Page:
But what about action figures? Surely, a couple of bonafide characters like them could work as collectibles. Wired Earp ponders for a few moments and agrees if the doll has “a little trigger on the back, makes your arm go up and down!”.
As all things Wet Nuns, the process is a democratic one. So Terence also chimes in in the doll design of Wired. ”That’d be real cool. I think we should just modify some Buzz Lightyear action figures. He’s got karate chop action, pretty easy to turn that into drumming action.”. Wired requires that a beard is drawn upon it and Terence adds that if they really want to go for realism, they should “amalgamate together” the body of Buzz with Woody, so the cowboy hat is included in the action figure. Their final stroke of design genius? A drawstring that spews their catchphrase “Wanna buy some tobacco?”. A SEGWAY with a cart being pulled would be sold separately. MacFarlane Toys would approve of this.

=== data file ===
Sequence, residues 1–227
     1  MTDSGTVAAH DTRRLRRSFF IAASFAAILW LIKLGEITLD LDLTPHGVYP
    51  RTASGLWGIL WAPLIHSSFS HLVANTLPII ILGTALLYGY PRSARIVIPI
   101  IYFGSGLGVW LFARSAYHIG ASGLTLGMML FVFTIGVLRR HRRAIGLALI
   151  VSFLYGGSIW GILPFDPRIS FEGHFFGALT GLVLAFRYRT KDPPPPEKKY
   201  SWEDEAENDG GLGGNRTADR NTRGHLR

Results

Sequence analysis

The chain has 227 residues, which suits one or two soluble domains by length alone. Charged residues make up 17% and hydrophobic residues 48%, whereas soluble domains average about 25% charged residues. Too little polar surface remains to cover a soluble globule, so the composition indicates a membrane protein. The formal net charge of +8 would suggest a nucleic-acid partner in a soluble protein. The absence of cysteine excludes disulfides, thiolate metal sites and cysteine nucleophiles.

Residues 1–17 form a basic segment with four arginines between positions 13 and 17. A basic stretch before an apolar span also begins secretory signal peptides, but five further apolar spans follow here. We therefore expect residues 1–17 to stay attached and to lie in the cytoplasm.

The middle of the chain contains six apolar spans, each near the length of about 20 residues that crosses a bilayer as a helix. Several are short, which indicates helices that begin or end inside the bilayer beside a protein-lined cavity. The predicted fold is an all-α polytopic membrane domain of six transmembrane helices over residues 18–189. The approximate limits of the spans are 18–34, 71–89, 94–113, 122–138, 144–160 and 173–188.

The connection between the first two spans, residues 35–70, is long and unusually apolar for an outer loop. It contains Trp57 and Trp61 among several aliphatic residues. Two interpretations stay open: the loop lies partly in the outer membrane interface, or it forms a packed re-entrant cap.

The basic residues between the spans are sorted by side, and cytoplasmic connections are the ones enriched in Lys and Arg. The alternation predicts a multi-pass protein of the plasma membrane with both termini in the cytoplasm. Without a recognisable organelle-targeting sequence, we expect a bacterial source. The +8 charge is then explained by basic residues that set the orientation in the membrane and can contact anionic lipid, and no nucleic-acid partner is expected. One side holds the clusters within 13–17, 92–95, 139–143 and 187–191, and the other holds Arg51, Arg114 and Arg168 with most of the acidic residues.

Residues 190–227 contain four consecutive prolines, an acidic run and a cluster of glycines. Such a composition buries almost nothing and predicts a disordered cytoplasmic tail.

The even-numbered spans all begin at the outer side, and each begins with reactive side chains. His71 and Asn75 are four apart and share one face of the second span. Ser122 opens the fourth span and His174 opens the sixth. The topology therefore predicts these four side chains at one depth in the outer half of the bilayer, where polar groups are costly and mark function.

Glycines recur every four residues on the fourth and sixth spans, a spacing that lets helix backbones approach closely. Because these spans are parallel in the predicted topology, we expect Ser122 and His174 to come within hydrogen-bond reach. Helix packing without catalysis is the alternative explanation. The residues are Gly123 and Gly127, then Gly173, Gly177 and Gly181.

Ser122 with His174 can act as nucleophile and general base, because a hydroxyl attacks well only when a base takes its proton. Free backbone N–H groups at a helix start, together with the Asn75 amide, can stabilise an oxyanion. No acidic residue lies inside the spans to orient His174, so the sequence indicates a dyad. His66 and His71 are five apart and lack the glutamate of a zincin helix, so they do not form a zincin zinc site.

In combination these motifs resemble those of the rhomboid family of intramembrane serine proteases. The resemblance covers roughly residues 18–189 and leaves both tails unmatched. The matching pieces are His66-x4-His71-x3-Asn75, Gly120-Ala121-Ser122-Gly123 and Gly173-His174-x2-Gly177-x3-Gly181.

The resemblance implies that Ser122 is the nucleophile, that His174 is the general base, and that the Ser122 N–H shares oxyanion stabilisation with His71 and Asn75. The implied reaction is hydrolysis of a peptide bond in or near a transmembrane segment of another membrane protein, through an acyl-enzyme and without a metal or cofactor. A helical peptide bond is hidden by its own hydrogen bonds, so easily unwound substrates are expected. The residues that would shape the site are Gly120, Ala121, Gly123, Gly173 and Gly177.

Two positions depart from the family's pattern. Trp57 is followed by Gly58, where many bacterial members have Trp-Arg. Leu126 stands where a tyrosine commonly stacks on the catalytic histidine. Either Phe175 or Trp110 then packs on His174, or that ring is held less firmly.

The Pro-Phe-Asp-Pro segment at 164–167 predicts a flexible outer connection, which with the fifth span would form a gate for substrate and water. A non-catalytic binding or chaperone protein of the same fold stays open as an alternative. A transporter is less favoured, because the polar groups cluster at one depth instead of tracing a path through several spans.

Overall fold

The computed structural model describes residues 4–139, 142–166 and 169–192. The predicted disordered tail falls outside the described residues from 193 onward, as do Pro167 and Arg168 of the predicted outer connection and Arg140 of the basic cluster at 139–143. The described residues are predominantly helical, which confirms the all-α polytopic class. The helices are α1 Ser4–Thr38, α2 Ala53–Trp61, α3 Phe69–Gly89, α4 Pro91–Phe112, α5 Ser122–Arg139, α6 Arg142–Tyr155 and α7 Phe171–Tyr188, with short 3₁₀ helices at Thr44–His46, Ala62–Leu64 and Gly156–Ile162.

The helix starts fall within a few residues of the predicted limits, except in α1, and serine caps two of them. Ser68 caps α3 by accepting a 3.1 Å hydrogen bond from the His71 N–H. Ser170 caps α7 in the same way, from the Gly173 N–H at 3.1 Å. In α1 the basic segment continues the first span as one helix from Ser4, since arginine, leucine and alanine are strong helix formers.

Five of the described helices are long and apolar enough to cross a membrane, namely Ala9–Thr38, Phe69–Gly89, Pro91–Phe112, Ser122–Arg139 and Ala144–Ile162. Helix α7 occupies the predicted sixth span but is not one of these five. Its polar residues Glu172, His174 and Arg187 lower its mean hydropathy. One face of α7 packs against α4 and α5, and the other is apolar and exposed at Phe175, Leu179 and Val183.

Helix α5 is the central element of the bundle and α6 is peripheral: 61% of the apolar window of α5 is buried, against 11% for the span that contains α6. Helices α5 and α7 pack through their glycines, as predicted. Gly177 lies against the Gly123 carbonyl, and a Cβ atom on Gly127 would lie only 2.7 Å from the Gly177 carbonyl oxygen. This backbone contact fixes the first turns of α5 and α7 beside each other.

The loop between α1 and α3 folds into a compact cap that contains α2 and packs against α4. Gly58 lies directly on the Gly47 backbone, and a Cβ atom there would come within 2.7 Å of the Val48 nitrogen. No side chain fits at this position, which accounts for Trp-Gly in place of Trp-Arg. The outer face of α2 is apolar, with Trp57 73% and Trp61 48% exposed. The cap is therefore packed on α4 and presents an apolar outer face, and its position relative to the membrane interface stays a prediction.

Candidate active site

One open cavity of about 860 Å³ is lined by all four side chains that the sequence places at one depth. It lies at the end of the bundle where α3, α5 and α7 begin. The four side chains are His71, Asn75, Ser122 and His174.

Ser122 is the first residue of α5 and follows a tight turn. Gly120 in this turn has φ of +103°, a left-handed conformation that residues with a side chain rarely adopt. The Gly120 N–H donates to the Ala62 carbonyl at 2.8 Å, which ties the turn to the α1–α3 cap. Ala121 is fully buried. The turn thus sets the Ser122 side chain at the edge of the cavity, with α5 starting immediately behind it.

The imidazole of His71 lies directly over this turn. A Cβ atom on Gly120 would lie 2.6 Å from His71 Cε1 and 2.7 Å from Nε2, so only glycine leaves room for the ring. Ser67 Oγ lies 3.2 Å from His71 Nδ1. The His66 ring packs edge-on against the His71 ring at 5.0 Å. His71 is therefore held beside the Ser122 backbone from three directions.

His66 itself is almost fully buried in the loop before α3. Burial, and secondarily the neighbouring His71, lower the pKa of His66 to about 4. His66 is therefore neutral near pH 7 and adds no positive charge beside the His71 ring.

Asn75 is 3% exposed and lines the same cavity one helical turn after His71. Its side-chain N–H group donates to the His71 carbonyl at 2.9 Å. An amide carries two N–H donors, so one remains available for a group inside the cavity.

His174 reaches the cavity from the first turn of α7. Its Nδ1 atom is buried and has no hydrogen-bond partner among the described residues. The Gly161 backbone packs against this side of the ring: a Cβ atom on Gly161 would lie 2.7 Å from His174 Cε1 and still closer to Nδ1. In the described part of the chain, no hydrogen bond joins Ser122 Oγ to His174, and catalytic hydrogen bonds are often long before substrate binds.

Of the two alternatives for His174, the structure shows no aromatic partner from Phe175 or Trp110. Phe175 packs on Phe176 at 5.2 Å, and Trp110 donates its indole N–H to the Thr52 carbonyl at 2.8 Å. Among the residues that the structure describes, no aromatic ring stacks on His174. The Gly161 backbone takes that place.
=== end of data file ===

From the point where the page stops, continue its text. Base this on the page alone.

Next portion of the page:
The policeman with the shotgun is motioning me to leave. I ask them a final question, wondering again what has been their favourite gig of 2010. I do want a straight answer. Terence shoots back. “We enjoy every gig we do, I think, these days. It just kinda feel bad to single one out, or any out, they are real good. We always enjoy ourselves, even if we’re just practicisin’ playing ourselves, we enjoy that too. We wouldn’t bother doin’ it if we didn’t enjoy ourselves”.
Bullseye, sir. Thank you, dear sirs. A couple of weeks later I would see them with The Violet May and Avida Dollars rocking out at The Office pub. I noticed that in their drumkit, the legs of a Buzz Lightyear dangled by idly…